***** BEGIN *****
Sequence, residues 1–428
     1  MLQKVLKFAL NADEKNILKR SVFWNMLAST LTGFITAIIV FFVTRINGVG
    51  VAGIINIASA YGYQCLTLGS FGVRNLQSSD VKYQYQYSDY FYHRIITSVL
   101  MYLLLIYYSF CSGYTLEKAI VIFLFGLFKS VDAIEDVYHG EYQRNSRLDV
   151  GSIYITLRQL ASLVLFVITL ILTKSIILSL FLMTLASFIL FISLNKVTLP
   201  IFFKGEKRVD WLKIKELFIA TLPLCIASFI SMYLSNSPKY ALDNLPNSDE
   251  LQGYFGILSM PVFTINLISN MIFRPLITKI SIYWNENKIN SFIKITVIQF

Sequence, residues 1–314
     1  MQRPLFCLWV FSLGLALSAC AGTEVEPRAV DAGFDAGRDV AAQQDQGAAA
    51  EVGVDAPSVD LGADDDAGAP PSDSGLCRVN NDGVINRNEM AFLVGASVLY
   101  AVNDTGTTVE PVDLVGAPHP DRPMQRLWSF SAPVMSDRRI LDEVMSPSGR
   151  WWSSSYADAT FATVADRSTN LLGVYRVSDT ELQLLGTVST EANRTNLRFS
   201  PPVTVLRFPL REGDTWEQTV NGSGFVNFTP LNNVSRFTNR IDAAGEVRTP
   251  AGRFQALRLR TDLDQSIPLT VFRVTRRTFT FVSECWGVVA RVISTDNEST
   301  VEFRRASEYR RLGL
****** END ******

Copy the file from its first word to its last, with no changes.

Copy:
Sequence, residues 1–428
     1  MLQKVLKFAL NADEKNILKR SVFWNMLAST LTGFITAIIV FFVTRINGVG
    51  VAGIINIASA YGYQCLTLGS FGVRNLQSSD VKYQYQYSDY FYHRIITSVL
   101  MYLLLIYYSF CSGYTLEKAI VIFLFGLFKS VDAIEDVYHG EYQRNSRLDV
   151  GSIYITLRQL ASLVLFVITL ILTKSIILSL FLMTLASFIL FISLNKVTLP
   201  IFFKGEKRVD WLKIKELFIA TLPLCIASFI SMYLSNSPKY ALDNLPNSDE
   251  LQGYFGILSM PVFTINLISN MIFRPLITKI SIYWNENKIN SFIKITVIQF

Sequence, residues 1–314
     1  MQRPLFCLWV FSLGLALSAC AGTEVEPRAV DAGFDAGRDV AAQQDQGAAA
    51  EVGVDAPSVD LGADDDAGAP PSDSGLCRVN NDGVINRNEM AFLVGASVLY
   101  AVNDTGTTVE PVDLVGAPHP DRPMQRLWSF SAPVMSDRRI LDEVMSPSGR
   151  WWSSSYADAT FATVADRSTN LLGVYRVSDT ELQLLGTVST EANRTNLRFS
   201  PPVTVLRFPL REGDTWEQTV NGSGFVNFTP LNNVSRFTNR IDAAGEVRTP
   251  AGRFQALRLR TDLDQSIPLT VFRVTRRTFT FVSECWGVVA RVISTDNEST
   301  VEFRRASEYR RLGL